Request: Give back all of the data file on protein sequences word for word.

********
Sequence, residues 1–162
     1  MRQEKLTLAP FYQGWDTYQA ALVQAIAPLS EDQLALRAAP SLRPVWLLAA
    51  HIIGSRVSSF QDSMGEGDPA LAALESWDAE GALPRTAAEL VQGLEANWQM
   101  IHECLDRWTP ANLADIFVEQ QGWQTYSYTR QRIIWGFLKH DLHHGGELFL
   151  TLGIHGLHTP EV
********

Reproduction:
Sequence, residues 1–162
     1  MRQEKLTLAP FYQGWDTYQA ALVQAIAPLS EDQLALRAAP SLRPVWLLAA
    51  HIIGSRVSSF QDSMGEGDPA LAALESWDAE GALPRTAAEL VQGLEANWQM
   101  IHECLDRWTP ANLADIFVEQ QGWQTYSYTR QRIIWGFLKH DLHHGGELFL
   151  TLGIHGLHTP EV